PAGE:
• Videotape, video camera, VCR: (Local examples, video-based assessment, other productivity)
    • CD-ROM: (Prepare self-paced instruction stations, resources, applications programs
    • Videodisc, barcodes, computer interface: (Prepare video presentations, pictorial resources, self-paced instruction stations)
  • 16. Ready to Go Instruction
    • Computer Assisted Instruction
    • Simulations
    • Problem Solving
    • Integrated Experiences
    • Explorations with Browse Ready Media
    • Combinations
  • 17. Instructional Strategies
    • Lesson for Information Acquisition
    • Lesson for Skill Development
    • Lesson for Concept Attainment
    • Inquiry Lesson to Develop Problem Solving and Thinking Strategies
    • Lesson on Values Awareness
  • 18. Assessing Science Knowledge
    • Teacher observations
    • Projects, products, and investigations
    • Traditional paper/pencil testing
    • Portfolios
    • Performance Tasks
    • Still image and video-based assessment
    • Concept mapping
    • Reasoned drawing and writing
  • 19. Teacher Productivity and Management of the Learning Environment
    • Teacher Productivity:
    • -Adapting and generating instructional and assessment materials
    • -Organizing and Maintaining a professional portfolio
    • -Accessing professional resources and making professional contributions.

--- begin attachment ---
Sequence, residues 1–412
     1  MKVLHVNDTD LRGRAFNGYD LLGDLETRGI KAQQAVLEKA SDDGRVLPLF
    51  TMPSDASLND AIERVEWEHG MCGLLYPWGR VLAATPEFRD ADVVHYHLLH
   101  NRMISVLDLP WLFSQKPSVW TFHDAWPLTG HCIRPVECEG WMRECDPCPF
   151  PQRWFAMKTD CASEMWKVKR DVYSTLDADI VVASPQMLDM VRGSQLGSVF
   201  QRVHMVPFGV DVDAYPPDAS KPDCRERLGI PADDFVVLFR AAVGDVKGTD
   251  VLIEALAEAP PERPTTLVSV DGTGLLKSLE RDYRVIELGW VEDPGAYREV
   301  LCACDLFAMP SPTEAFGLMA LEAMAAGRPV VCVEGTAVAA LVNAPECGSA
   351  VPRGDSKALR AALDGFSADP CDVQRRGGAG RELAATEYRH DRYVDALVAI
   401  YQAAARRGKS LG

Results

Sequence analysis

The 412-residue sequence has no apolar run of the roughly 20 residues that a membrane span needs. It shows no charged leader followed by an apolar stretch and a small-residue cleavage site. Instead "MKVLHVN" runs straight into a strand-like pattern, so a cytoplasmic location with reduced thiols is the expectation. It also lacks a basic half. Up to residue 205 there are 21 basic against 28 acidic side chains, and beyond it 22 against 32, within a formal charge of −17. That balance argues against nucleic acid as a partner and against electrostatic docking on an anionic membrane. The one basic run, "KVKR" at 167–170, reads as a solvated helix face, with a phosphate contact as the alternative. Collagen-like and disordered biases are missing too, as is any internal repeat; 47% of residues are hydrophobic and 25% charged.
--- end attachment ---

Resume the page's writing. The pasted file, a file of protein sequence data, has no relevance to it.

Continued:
• 20.
    • Management:
    • -Maintaining and using student records
    • -Managing science time, materials, and the physical environment.
    • -Providing access to science for all students
  • 21. Teacher as Researcher in the Science Classroom
    • Becoming a reflective practitioner
    • Carrying out action Research
    • Posing problems, questions. Using investigative approaches . Evaluating results. Planning action.
    • Using technology tools for research
    • Investigating technology in instruction
    • Investigating student thinking and learning
    • Investigating management and teacher- centered issues.
  • 22. Conclusion
    • Science and technology should be accessible to all students.
    • Technology for science should be accessible for all teachers
    • Technology in science at the elementary and middle levels provides opportunities for students to explore and construct understandings of the natural world in a learning environment that supports their success as learners
    • Academics and fun are compatible!
  • 23. Check out these websites!
    • www.billnye.com
    • www.exploratorium.edu/snacks/snackintro.html
    • www.mschicago.org
    • www.amnh.org
    • www.nasa.gov
    • www.discovery.com
    • www.inconstantmooncom/inconstant.htm
    • www.zoomdinosaurs.com
    • www.yucky.com
    • www.nutritionedxplorations.org
  • 24. Resources:
    • Technology for the Teaching and Learning of Science
    • Science in the Multicultural Classroom
    • Online Activities for Kids
  • 25. Thank You!! Have Fun!!